Posted by: Martin | February 17, 2010

Current Situation

The current situation is that the sum total of the micro enterprise/business I’m running comprises two properties. The first one, is a two-floor house in a well-off part of the Cocody municipality of the commercial capital of the Ivory Coast, Abidjan.  It provides  an annual gross return of 12%.

The idea behind this investment was:

Good value – Property prices were depressed due to political tensions, riots and actually war back in 2002, but could be expected to revert back to a higher level, so I deemed it a good time to buy.
Potential home – I wanted a place nice enough to live in someday, however, it was intended for rental income from the start.
Minimise risk – It is not without fear that I bought that house – when saying that I was thinking about buying a house in West Africa some people thought that I had fallen for a Nigerian email scam. It would probably have been cheaper to buy land and have a house built on it, or buy an older house, but all those things could have gone wildly wrong. So I opted to buy from a large well-reputed developer that builds and sells  many houses of the type I bought.
Get experience – Learn as much as possible about real estate business in the Ivory Coast – learning by doing is hard to beat.
Corner location – Buying a corner house allowing for a good location for add-on shops.
Return – While minimising risk, still getting a much better return than I would have gotten from a property investment at home in Europe. And I think doing business in Africa is strikingly more exciting than back home.

And in hindsight it has worked out pretty well. Going to my bank at home in Europe and transferring the purchase amount to the Ivorian developer’s bank account in the Paris branch of a Lebanese bank was a pretty scary moment, but thankfully I got ownership of the house without any problems.  Guess the main hiccups and mistakes have been:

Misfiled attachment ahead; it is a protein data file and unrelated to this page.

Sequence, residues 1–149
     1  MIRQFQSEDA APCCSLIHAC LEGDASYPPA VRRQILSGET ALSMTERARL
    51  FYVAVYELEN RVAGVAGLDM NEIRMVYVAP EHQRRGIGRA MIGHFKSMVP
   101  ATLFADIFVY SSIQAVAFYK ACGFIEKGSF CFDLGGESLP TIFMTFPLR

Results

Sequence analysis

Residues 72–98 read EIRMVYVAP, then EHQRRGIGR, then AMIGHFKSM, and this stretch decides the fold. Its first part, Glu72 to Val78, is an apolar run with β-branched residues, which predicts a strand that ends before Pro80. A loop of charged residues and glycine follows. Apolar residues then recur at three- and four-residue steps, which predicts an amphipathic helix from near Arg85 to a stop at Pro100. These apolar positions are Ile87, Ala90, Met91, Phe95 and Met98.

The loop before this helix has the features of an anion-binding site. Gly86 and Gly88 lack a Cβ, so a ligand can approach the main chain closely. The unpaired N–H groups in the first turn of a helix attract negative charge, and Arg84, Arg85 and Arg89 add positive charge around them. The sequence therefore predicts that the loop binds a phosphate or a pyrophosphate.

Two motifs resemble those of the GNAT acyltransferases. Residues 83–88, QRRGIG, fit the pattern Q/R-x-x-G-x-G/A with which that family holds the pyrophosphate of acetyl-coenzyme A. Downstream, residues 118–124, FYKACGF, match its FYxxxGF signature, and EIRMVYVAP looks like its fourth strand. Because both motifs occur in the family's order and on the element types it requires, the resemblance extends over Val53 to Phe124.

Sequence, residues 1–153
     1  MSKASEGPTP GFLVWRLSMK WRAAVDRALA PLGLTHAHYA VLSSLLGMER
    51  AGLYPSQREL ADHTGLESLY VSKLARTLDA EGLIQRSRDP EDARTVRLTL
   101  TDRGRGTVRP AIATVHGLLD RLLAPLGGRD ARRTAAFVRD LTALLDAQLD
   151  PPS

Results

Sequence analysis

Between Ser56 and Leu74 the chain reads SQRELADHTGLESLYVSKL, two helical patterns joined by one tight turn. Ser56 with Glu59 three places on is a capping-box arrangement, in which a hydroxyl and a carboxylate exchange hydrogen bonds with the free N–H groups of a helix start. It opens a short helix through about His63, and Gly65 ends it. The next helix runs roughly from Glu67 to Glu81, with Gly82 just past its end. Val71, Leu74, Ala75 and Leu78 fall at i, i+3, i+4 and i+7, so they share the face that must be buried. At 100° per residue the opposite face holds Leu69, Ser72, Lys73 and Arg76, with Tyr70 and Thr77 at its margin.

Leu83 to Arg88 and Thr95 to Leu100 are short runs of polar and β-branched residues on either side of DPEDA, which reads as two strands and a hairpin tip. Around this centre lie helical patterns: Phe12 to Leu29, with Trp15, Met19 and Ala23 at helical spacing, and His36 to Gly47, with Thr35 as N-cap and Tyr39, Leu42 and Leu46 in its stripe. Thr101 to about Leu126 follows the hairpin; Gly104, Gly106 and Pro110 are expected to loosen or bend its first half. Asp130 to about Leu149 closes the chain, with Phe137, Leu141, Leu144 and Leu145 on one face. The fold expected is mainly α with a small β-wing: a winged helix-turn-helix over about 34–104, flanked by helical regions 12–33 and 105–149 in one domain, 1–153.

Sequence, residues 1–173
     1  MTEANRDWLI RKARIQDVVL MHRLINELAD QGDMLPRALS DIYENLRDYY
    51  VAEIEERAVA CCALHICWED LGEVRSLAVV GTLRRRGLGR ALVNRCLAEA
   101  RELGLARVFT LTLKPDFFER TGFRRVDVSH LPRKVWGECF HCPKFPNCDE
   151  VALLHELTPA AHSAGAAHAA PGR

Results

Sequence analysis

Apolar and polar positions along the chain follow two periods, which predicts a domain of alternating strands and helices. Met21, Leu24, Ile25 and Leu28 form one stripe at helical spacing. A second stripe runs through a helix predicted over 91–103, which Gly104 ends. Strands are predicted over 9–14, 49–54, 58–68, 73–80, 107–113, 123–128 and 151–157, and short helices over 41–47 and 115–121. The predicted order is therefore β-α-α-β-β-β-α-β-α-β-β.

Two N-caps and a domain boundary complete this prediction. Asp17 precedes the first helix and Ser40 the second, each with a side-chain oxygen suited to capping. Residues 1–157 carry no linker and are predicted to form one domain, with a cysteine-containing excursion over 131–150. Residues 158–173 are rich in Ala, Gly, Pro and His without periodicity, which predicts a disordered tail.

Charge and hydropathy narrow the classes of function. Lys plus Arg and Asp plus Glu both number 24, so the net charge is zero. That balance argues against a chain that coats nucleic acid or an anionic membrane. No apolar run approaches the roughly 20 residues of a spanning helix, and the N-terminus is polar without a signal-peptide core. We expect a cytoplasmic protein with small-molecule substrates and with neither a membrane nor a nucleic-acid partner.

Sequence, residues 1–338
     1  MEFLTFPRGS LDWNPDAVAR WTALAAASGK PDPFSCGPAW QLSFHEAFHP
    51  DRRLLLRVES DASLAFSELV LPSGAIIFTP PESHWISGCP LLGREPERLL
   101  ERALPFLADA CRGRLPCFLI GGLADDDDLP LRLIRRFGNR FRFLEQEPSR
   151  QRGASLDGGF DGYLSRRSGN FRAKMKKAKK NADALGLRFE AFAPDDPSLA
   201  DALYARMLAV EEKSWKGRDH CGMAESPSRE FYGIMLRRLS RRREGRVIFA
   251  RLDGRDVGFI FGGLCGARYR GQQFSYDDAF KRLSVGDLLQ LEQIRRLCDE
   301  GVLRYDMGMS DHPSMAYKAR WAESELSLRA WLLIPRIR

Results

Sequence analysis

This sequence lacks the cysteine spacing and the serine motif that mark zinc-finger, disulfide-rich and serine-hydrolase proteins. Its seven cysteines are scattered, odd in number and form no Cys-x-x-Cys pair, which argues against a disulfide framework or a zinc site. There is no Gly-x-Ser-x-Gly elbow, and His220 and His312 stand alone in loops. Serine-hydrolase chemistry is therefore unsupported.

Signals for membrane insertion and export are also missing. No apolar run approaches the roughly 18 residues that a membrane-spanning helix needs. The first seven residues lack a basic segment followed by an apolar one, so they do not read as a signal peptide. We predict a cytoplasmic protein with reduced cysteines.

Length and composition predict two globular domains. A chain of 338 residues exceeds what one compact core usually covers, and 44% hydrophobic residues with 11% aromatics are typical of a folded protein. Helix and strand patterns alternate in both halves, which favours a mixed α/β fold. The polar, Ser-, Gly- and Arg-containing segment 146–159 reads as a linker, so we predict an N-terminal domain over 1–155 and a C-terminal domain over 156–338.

-That the contract with the main tenant was signed before constructing the shops. I had to wait with the shops for a while and then made a deal with the tenant not to raise the rent at one year end in return for building the shops.
-That a builder stole the floor tiles (they were worth an annual salary for him). A few friends tracked him down and we sorted it out by him giving the tiles back and us not going to the police with it.
-The main tenant missing a few rental payments, but catching up.

This house is at the moment a pretty simple business, the rental income has since the start essentially been equivalent to net profit, not counting the time I have put into it, which has felt more like an enjoyable hobby than work. The balance sheet has no debt and is 100% equity of the size of the value of the house and the shops.   The only paperwork has been to sign the contacts with the developer and the notary at purchase, and the letting agreements with the tenants. The tenant for the main house, and the tenant for one of the shops were found via the ads at www.abidjan.net – a portal for all things Ivory Coast. The other shop tenant saw the shop under construction and expressed interest on the spot.

The second property is a piece of land in a not so well-off (but no slum) part of the Yopougon municipality of Abidjan.  The land was originally  was given to my  partner as an inheritance. This is a bit of a free option to try out and see how difficult it is to work in a not so well-off area and to manage construction. At the moment we’ve got a wall built (that’s very necessary) a gate, and water and electricity pipes / connections for 480 Euro. We have decided to build six studio apartments on the property.

I’m expecting each studio to rent for 20,000 CFA Francs (30.5 EUR) per month, which on paper at least should give a fantastic return. We’ll see how it goes.

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